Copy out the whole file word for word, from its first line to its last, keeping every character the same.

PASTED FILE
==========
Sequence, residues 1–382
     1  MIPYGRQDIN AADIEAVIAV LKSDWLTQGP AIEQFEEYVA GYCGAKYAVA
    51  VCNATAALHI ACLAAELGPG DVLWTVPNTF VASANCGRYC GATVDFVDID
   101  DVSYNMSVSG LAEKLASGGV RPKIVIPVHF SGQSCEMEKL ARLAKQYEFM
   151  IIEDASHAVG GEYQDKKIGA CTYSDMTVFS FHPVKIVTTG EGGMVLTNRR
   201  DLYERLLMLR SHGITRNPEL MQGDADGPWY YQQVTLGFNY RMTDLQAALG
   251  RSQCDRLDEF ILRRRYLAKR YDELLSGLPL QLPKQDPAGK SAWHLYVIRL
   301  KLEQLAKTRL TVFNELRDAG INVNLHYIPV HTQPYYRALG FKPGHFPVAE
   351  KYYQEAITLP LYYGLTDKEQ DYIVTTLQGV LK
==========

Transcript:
Sequence, residues 1–382
     1  MIPYGRQDIN AADIEAVIAV LKSDWLTQGP AIEQFEEYVA GYCGAKYAVA
    51  VCNATAALHI ACLAAELGPG DVLWTVPNTF VASANCGRYC GATVDFVDID
   101  DVSYNMSVSG LAEKLASGGV RPKIVIPVHF SGQSCEMEKL ARLAKQYEFM
   151  IIEDASHAVG GEYQDKKIGA CTYSDMTVFS FHPVKIVTTG EGGMVLTNRR
   201  DLYERLLMLR SHGITRNPEL MQGDADGPWY YQQVTLGFNY RMTDLQAALG
   251  RSQCDRLDEF ILRRRYLAKR YDELLSGLPL QLPKQDPAGK SAWHLYVIRL
   301  KLEQLAKTRL TVFNELRDAG INVNLHYIPV HTQPYYRALG FKPGHFPVAE
   351  KYYQEAITLP LYYGLTDKEQ DYIVTTLQGV LK